Prohibition on Forced and Compulsory Labour
UK Legislation recognizes the social role that complies with the work and the freedom of individuals to select jobs and devote their efforts to the lawful work they chose. Section 71 of the Coroners and Justice Act 2009 introduces a new offence of holding someone in slavery or servitude, or requiring a person to perform forced or compulsory labour. The offence applies to anyone holding a person in such circumstances and the maximum penalty is 14 years imprisonment or a fine or both.
Modern Slavery Act 2015 deals with the slavery, servitude and forced or compulsory labour and about human trafficking, including provision for the protection of victims; to make provision for an Independent Anti-slavery Commissioner; and for connected purposes.
Source: §71 of the Coroners and Justice Act 2009; Modern Slavery Act 2015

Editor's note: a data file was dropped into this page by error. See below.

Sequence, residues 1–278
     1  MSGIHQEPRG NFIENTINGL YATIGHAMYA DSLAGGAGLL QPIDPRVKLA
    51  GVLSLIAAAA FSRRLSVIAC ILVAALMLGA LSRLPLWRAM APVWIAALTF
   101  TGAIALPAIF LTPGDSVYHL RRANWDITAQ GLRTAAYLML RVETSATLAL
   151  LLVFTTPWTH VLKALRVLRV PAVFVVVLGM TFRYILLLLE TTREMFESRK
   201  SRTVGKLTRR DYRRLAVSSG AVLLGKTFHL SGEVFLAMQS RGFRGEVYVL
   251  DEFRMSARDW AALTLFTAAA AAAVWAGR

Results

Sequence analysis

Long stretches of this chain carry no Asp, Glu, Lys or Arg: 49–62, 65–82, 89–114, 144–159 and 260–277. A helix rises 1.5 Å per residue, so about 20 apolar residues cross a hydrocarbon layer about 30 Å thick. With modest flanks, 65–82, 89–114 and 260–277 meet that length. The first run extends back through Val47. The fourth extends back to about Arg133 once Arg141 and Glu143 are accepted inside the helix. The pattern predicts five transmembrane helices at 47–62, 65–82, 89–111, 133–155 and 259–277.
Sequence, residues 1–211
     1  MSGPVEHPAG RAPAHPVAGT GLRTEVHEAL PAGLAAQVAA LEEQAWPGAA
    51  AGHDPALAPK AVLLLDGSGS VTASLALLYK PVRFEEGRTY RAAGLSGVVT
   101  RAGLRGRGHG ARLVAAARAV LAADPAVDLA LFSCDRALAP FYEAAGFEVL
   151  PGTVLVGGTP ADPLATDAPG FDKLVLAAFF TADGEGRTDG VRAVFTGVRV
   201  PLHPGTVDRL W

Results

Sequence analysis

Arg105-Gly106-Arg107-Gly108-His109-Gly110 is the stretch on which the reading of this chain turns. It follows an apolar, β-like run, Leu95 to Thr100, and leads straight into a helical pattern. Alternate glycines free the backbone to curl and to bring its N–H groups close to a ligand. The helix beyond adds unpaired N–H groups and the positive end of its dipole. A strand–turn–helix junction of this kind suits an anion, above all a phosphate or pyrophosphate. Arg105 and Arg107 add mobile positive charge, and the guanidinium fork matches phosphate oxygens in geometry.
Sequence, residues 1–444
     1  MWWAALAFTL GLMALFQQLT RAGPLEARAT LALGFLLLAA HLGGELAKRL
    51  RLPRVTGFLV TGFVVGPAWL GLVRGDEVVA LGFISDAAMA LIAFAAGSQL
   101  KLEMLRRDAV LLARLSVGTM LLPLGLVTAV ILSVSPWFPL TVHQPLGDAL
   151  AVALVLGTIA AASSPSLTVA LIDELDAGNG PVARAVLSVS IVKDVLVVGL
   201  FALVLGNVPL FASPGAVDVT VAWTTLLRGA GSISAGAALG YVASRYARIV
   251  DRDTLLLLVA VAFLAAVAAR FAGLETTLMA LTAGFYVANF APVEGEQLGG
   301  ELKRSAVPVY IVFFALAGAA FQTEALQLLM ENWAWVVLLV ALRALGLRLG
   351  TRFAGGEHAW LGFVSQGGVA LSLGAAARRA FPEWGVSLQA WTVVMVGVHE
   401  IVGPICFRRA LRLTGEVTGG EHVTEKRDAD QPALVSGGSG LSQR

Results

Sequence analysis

Freedom to Change Jobs and Right to Quit
There is no provision in UK Legislature, which restrict the workers to change or quit job. If a worker decides to terminate the employment, he/she may resign by giving notice to the employer as specified in the employee’s contract of employment.
Source: §1(4e) of the Employment Rights Act 1996
Inhuman Working Conditions
The maximum weekly working hours (including overtime) are 48 hours averaged over a reference period of 17 weeks. Workers can also opt out of the maximum weekly hour limit of 48 hours.
For employees that have normal working hours, overtime usually means any time worked beyond these hours. An employee’s employment contract will usually include details of any overtime pay rates and how they are worked out. Employees only have to work overtime if their contract says so.
Source: §234 of Employment Rights Act (ERA), 1996; Regulation 4 of the Working Time Regulations 1998; www.gov.uk/overtime-your-rights
Regulations on Forced Labour
Coroners and Justice Act, 2009